(c) Outdoor tanks. Outdoor tanks containing spirits, denatured spirits, or wine must be individually locked or locked within an enclosure when they are not in use.

(d) Indoor tanks. Indoor tanks containing spirits, denatured spirits, or wines, or the rooms or buildings in which such tanks are housed, must be equipped so that they may be secured.

Again, the only provisions are for buildings and outdoor tanks, both of which must be equipped for locking and kept locked with not in use.

Further, the provision that "doors, windows, or any other openings to the building must be secured or fastened when operations are not being conducted" implies a need for a secured barrier around the DSP premises other than outdoor tanks, which must be individually locked or locked within an enclosure when not in use. 

I think the "individually locked or locked within an enclosure when not in use" provides an opening for a variance under §19.27, if one were to state that all spirits, either in bulk or in packages,  would be immediately removed to an inside area of the DSP upon completion of a day's bottling and that in no case would any spirits remain in the outside areas when the bottling line was not being used, or something like that, perhaps more artfully stated.   The goal would be to convince TTB that the outside bottling line is not contrary to law, and that it creates no additional danger to revenue or any  administrative difficulties.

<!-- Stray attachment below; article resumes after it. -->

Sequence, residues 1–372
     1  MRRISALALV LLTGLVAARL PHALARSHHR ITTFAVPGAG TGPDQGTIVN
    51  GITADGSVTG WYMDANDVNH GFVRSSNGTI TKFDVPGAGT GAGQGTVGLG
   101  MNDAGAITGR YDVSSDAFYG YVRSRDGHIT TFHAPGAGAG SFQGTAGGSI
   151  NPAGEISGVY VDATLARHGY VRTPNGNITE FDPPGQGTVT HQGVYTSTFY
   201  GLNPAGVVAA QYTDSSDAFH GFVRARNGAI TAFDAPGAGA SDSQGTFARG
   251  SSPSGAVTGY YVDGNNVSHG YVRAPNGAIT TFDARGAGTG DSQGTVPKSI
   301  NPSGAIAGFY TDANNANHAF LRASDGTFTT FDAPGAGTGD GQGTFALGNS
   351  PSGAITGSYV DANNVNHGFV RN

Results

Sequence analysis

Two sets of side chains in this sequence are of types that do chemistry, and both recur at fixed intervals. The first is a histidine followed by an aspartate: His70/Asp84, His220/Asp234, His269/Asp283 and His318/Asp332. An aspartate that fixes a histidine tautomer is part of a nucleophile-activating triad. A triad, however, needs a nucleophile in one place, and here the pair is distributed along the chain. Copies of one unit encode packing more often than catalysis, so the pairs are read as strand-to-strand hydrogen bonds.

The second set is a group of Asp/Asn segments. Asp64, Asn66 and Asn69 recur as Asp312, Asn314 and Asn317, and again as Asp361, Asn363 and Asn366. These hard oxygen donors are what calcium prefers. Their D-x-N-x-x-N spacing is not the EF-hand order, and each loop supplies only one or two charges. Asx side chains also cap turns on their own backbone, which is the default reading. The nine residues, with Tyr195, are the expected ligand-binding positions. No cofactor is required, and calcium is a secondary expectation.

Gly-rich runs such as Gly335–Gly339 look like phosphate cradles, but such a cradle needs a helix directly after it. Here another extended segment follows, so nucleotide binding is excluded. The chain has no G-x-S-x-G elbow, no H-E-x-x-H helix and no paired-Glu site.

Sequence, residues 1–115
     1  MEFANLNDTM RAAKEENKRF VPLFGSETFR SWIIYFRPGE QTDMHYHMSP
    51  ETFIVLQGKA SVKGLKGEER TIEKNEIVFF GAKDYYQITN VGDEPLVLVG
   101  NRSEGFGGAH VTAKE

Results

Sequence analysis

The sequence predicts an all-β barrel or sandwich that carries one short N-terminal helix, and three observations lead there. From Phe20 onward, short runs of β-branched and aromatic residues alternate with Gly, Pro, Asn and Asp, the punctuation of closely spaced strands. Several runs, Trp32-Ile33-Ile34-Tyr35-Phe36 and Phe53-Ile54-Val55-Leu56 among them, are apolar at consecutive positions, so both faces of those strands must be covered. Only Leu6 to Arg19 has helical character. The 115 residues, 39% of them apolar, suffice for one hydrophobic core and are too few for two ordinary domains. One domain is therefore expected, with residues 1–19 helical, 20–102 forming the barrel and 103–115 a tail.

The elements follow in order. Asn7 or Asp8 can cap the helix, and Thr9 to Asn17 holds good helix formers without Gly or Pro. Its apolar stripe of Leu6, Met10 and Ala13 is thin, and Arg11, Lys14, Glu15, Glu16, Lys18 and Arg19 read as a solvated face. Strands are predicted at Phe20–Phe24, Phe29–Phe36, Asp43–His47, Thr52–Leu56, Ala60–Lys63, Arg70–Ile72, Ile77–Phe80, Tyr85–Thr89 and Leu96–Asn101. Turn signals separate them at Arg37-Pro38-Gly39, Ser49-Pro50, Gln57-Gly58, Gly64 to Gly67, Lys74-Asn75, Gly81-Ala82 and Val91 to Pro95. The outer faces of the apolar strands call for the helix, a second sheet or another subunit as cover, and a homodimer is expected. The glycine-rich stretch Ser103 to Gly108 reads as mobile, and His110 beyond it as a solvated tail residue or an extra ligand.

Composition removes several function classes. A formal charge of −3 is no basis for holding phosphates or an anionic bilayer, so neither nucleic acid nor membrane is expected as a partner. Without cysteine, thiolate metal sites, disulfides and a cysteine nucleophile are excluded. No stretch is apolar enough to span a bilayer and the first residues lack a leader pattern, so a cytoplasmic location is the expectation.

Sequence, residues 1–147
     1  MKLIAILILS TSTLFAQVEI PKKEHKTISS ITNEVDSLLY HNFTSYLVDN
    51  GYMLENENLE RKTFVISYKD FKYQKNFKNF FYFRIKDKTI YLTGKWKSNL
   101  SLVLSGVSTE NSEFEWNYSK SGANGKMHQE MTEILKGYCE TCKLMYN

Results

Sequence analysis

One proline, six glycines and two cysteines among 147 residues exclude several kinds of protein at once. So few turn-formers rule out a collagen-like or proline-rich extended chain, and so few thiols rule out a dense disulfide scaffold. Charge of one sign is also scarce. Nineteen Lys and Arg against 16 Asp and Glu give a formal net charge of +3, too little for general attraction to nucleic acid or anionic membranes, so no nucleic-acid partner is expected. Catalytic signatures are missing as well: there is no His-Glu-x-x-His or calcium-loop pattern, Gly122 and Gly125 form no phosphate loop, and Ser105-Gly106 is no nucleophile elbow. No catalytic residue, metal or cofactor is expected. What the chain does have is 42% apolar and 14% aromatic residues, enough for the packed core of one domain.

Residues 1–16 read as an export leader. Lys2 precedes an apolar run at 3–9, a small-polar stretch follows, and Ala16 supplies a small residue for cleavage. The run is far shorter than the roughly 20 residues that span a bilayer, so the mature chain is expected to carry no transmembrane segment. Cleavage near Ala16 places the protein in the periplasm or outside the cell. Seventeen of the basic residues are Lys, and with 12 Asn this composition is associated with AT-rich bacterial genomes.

For those who might cite, as precedent,  a brewery that has outside areas approved as a part of the brewery premises, I point out that the tax does not attach to beer until it is removed for consumption or sale, whereas tax attaches to spirits at the time they come into existence.

So, I wish I could say, with confidence,  that TTB would approve the extension of the bonded DSP premises into an open parking lot, I can't offer any assurance of that.  If someone has experience in which TTB has specifically addressed this issue in writing, maybe they would be able to share what TTB had to say, with the caveat about past experience.  Otherwise, as I said, I'm speculating. 

 

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On 3/4/2021 at 12:34 PM, dhdunbar said:

I don't known.  I have never done it and I know of no TTB rule that addresses the issue. 

I have received approval for a line around an area with a bottling line that alternates between brewery and DSP premises, but such areas are within a building that is locked when not in use.  To comments like that I must add that past performance is no indicator of future results.  I do not know if TTB would approve the line on the floor again.  They might instead require some minimum barrier, like a portable knee wall.  Lines on the floor seem to trigger a sort of visceral, not acceptable, initial reaction from TTB specialists.  But I speculate.

I have never qualified an outdoor area that was not within a fence.  I qualified one still in a chain link cage, but it was a big still and the chain link went something like 20 feet high on the three sides that were not a wall.  I also qualified one area for barrel storage that had a roof, three sides of "hard" walls, and one side of chain link.